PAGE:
'Cure is worse than the virus': Hundreds protest in Phoenix against pandemic closure orders
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'Cure is worse than the virus': Hundreds protest in Phoenix against pandemic closure orders

From the April's Tucson-area coronavirus coverage: 1,200+ Pima County cases, stay-home order extended series

PHOENIX — Hundreds of protesters gathered at the Capitol Monday — virtually none wearing masks — to object to Gov. Doug Ducey’s orders requiring people to stay at home and closing what he says are nonessential businesses.

The event drew people with signs and complaints about everything from gun rights to whether boys should be circumcised. And there were dozens promoting the reelection of President Trump.

But the common thread was a contention that the fears of COVID-19 are overblown, the governor’s orders are damaging the economy, and that all this is part of a liberal- and media-fed agenda.

“I love our country and I love our Constitution and I love our flag, and I love freedom, liberty and the pursuit of happiness,” said Jamie Jacobs of Scottsdale, dressed in red, white and blue and carrying an American flag.

“And I feel that’s being tread on right now,” she said. “There’s a bigger agenda going on.”

John Suprock, dressed in an American flag shirt, said, “I think the media has overblown the true virus issue.”

Suprock, carrying a sign saying “Cure is worse than the virus,” said original estimates were that 2.4 million people might die in this country. Now, he said, the figure is likely to be fewer than 60,000, “which is less than the flu in a typical year.”

He brushed aside Ducey’s position that his orders have kept the number of deaths from getting higher.

“There’s no way for either side to prove that because there’s no control group,” Suprock said. “So if I was a politician I would probably say the same thing.”

In a prepared statement, gubernatorial press aid Patrick Ptak said those in the Ducey administration “appreciate the passion expressed by Arizonans today, and we share their desire to get back to normal as quickly as possible.”

Ptak said the governor, in making his decisions about closures and stay-at-home orders, has been working with others — including those whom some of the protesters clearly like.

“Gov. Ducey is working closely with President Trump, Vice President Pence,” Ptak said, and with Dr. Anthony Fauci and Dr. Deborah Birx, both advisers to the president.

He said Ducey is also working with state Health Director Dr. Cara Christ “and state, local and federal health experts to implement the latest guidance from the CDC and the White House.”

Ducey has “a commitment to re-energizing our economy when it is responsible to do so,” Ptak said.

Daniel McCarthy, a Republican candidate hoping to unseat incumbent U.S. Sen. Martha McSally in the August primary election, said he’s not accepting the governor’s contention that his orders are necessary to reduce the number of people contracting the virus.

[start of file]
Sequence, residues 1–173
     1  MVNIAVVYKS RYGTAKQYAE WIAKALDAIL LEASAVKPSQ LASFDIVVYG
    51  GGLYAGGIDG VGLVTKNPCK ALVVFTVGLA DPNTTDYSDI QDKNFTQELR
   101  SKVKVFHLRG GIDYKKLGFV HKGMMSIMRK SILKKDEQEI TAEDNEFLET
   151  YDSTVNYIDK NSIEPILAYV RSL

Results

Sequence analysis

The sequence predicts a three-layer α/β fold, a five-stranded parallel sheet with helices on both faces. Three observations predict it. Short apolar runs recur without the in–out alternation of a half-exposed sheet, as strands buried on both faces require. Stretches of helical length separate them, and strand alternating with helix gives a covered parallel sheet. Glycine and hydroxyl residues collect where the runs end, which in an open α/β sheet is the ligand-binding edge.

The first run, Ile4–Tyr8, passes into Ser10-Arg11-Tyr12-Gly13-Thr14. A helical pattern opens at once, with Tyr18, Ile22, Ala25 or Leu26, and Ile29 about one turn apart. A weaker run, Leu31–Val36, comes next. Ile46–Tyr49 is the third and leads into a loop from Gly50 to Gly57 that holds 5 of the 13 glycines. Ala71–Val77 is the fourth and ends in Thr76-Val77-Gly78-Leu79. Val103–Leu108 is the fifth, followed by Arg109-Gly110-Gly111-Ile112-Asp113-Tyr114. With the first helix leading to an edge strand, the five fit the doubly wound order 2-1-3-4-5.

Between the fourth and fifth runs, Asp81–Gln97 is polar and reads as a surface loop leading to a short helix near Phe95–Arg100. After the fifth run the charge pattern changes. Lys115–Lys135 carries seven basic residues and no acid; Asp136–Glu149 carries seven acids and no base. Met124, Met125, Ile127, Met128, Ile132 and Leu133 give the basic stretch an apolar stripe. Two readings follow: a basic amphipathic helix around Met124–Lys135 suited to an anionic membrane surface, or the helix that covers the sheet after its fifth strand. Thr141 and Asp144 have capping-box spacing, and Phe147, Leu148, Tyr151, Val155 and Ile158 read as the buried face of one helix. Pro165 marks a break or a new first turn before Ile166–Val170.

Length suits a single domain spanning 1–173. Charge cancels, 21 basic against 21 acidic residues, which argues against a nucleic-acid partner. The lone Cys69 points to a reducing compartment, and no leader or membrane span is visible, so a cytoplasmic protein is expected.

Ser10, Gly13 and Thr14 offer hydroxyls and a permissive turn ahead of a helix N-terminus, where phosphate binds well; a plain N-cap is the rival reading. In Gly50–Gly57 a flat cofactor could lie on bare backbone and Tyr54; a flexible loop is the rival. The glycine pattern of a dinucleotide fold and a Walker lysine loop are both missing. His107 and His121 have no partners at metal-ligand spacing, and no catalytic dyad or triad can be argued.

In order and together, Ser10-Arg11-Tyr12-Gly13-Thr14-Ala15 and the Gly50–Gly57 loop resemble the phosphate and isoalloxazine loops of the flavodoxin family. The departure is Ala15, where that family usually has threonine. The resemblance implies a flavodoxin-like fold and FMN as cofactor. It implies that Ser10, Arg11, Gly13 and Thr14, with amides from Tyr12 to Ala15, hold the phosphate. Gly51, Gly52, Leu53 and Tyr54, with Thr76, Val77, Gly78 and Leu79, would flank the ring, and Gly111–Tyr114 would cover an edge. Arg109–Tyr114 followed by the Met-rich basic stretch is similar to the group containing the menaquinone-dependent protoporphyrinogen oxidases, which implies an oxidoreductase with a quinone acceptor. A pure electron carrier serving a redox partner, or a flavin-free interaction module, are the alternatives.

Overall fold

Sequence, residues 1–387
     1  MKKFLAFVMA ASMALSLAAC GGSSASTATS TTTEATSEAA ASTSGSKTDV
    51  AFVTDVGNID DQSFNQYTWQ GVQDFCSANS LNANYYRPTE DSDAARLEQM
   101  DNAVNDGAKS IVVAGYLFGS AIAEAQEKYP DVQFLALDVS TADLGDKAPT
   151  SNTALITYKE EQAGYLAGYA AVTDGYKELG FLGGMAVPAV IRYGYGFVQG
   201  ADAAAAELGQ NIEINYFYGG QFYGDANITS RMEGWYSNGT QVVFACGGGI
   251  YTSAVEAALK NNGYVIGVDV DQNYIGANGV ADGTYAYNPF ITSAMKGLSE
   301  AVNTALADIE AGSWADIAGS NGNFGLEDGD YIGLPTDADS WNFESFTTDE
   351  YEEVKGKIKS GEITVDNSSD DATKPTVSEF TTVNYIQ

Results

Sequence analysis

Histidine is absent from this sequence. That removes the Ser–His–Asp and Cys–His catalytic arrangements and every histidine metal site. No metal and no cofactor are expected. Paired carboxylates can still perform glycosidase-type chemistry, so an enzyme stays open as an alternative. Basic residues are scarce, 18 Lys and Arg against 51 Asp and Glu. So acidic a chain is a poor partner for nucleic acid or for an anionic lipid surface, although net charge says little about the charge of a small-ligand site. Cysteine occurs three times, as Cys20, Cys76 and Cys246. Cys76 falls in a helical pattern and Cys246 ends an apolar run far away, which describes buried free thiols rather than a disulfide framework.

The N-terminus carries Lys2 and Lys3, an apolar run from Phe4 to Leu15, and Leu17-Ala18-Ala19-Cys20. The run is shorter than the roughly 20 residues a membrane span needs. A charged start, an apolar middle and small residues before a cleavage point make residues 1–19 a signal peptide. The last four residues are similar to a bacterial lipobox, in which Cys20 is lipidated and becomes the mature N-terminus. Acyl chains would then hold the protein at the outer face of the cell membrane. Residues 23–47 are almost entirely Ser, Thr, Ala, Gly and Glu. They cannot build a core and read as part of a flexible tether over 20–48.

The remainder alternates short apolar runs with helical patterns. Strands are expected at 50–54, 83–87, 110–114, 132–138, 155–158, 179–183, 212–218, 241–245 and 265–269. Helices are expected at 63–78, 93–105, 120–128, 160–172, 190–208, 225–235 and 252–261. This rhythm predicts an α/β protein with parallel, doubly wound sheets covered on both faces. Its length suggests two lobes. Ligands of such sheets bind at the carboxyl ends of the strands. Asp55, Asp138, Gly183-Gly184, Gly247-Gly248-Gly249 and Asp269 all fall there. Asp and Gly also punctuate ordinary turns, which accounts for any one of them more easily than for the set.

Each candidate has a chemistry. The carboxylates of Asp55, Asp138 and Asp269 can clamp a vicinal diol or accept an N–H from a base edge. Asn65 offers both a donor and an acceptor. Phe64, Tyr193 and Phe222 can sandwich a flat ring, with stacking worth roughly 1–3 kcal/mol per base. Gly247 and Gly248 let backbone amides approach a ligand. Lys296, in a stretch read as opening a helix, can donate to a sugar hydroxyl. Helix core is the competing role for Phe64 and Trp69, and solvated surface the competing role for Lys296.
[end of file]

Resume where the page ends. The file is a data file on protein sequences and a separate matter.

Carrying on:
“When did we start trading a virus for our civil liberties?” McCarthy said, adding that there are “almost 200 pandemics on average a year” and that cancer kills 600,000 people a year.

“And it doesn’t shut down our economy,” he said.

He wasn’t swayed by the fact that cancer, unlike the virus, is not contagious.

“Cancer is something that’s hereditary, right?” McCarthy said. “So should we stop procreation because of the fact we could have cancer deaths?”

He said all this is part of the “goal of the left.”

“The left and the right work together,” he said, saying he was referring to Ducey. “The parties are broken.”

One of those who spoke to the crowd was Dan Mazon, the owner of a Winslow jewelry store who was cited for failing to close as a nonessential business.

Mazon contends he was operating as a department store because he also had other items, including paper towels, and he had ordered some hay to sell.

“You don’t have to be afraid when somebody coughs,” he told the crowd. “It’s normal.”

Mazon said the overall number of deaths from all causes is no higher than normal.

“So they’re just using this to manipulate us, to bring fear into people of the United States,” he said.

“I don’t care if I die of corona,” Mazon said. “Give me my freedom.”

Ducey is likely to face continued protests, with organizers saying they intend to come back every week until he lifts his orders.

“We hope that Gov. Ducey will open Arizona now,” said state Sen. David Farnsworth, R-Mesa. “But I agree, if we have to come back we’ll come back with 10 times as many people.”

Department of Public Safety officers mostly stood aside, though Capt. David Cates did tell an organizer that a converted fire truck blaring music and being used for public address was illegally in Wes Bolin Park, across from the Capitol, because no one obtained a permit from the Department of Administration.

Despite that, DPS took no action to move the truck or shut down the amplifiers before the protesters moved on to march on the Capitol.

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